Results Patient Characteristics A total of 564 patients with 622 defects were reviewed; 269 patients were men (47.7%) and 295 patients were women (52.3%). The mean age of the patients was 68.2 years (range 31-99 years). Most tum ors were prim ary tum ors, followed by recurrent tumors and nonradically excised tumors. A minimum of one and a maximum of seven aesthetic subunits were involved in the created defect. The most frequently involved location was the ala nasi (27.5%), followed by the periorbital subunit (18.3%), sidewalls of the nose (18.0%), infraorbital subunit (15.3%), nasal tip

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Facial Reconstruction Following Mohs Surgery

(14.0%), dorsum nasi (9.8%), forehead (7.9%), upper lip white roll (7.6%), and temple region and ear (6.1%). The mean size of the defect was 58 mm in length (range 5-110 mm) and 46 mm in width (range 2-90 mm). Depth was mostly classified as subcutis only, followed by a full-thickness defect and bone involvement. Patient and tum or characteristics are outlined in Table 2.

periorbital area and nose, 20 the periorbital area and cheek, and 7 the periorbital area and forehead. In these defects, 80 local flaps were used, of which skin transposition nfs (n = 26), tarsoconjunctival flaps (n = 21), and glabella flaps (n = 19) were most frequently used. Thirty-four FTGs and one split-skin graft were used. Eleven defects in this area could be closed primarily.

Reconstruction of Defects Cheek Defects

Nasal Defects O f the 292 nasal defects, 240 affected the nose only, 30 the nose and cheek, 21 the nose and periorbital region, and 1 the nose and perioral region. The ala (n = 171) and the lateral sidewalls (rt = 112) were most frequently affected in nose-only defects. A total of 213 local flaps were used, of which bilobed flaps (n = 74), skin transposition nfs {n = 67), glabella flaps (n = 10), and rotation flaps (n = 9) were most frequently used. Eighty-five paramedian forehead flaps (Figure 1) and 22 full­ thickness skin grafts (FTGs) were used for reconstruction. When cartilage was missing, a composite graft was used, harvested from the auricular concha (n = 47).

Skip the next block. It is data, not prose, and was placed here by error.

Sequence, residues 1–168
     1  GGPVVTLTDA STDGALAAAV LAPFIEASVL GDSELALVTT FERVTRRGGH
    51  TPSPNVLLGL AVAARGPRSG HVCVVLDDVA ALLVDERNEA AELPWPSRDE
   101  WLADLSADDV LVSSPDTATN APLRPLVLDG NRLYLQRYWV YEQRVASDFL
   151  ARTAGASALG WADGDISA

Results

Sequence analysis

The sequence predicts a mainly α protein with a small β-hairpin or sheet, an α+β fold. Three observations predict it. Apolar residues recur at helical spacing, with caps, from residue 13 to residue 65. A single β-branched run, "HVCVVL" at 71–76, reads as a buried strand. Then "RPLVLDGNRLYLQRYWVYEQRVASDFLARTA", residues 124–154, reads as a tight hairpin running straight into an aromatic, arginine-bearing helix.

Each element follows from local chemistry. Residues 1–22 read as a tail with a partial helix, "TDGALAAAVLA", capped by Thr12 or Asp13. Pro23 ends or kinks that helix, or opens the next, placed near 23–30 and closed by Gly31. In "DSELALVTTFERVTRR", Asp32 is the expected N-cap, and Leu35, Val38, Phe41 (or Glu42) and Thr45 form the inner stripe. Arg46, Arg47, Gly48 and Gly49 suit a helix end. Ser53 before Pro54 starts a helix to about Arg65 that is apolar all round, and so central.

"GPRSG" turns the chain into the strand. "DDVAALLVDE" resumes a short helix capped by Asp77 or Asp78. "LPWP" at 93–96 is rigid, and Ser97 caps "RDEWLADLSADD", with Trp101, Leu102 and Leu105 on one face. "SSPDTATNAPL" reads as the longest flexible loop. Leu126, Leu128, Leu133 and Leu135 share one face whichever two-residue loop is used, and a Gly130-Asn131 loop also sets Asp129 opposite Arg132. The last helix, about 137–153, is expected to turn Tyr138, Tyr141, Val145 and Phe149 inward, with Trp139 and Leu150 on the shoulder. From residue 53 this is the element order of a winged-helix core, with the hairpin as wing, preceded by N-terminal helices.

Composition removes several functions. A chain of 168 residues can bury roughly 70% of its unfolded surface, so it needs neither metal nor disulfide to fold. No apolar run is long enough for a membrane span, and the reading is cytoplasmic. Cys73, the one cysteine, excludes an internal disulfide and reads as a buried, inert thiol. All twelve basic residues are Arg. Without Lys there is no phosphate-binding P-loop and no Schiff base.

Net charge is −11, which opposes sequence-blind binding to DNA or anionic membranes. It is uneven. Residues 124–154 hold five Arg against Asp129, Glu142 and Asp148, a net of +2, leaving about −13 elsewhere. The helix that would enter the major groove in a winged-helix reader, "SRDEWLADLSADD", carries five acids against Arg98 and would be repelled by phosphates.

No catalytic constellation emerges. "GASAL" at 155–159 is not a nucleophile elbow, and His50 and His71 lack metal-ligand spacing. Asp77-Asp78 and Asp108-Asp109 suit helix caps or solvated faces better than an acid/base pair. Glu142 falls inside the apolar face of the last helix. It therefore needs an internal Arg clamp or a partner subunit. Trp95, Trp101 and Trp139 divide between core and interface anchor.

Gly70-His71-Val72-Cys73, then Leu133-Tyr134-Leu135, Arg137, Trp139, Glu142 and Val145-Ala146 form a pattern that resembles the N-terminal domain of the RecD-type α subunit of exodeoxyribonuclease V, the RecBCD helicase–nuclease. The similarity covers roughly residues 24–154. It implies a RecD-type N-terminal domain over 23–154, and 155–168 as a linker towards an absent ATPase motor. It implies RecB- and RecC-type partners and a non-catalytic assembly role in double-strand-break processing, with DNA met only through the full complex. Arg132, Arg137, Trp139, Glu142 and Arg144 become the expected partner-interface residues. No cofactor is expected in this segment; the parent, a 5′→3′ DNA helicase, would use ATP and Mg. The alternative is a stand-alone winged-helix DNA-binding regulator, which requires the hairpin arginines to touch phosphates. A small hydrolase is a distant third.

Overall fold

Of the 110 defects involving the cheek, 43 affected the cheek only, 30 the cheek and nose, 20 the cheek and periorbital area, 15 the cheek and perioral area, 1 the cheek and forehead, and 1 the cheek and periauricular area. In this area, 70 local flaps were used, of which skin transposition nfs (n = 37) and rhomboid flaps (n = 13) were most frequently used. Twenty-one paramedian forehead flaps were used. Eighteen full-thickness skin grafts and two split-skin grafts were used for reconstruc­ tion. Fourteen defects in this area could be closed primarily.

Defects of the Forehead, Temple, and Scalp Region Defects in the Periorbital Region Of the 113 defects in the periorbital area, including the brow, 65 affected the periorbital area only, 21 the

Table 2. Patient and Tumor Characteristics Characteristic Gender Male Female Type of tumor Basal cell carcinoma Squamous cell carcinoma Lentigo maligna Other Tumor frequency Primary Recurrent Not radically excised Tumor depth Defects of the subcutis Defects involving the muscle Defects involving the periosteum or perichondrium Defects involving the bone Full-thickness defects

n (%)

269 (48) 295 (52) 583 9 2 28

(94) (1) (0.3) (5)

411 (69) 98 (17) 83 (14) 493 (80) 5 (1) 11 (2) 26 (4) 78 (13)

Of the 97 defects involving the forehead, temple, and scalp region, 89 affected this area only, 7 affected this area and the periorbital area, and 1 affected the above-mentioned area and the periauricular area. Forty-one local flaps were used, of which skin transposition nfs (n = 25) and rotation flaps (n = 6) were most frequently used. Seventeen FTGs and 12 splitskin grafts were used. In three cases, a free flap was used. Eighteen defects could be closed primarily; six defects were left to heal by secondary intention.

Defects in the Perioral Region In total, the perioral area, including the chin, was involved in 47 cases. In 31 cases, this affected the perioral area only; in 15 cases, the perioral area and the cheek; and in 1 case, the perioral area and the nose. In this area, 37 local flaps were used, of which skin transposition nfs (n = 21) was most frequent. Fifteen defects could be closed primarily. Four paramedian forehead flaps were used and in one case an FTG. O f the 16 combined defects, most defects were reconstructed by skin transposition (« = 7), paramedian forehead flaps (n = 4), and bilobed flaps (n = 3).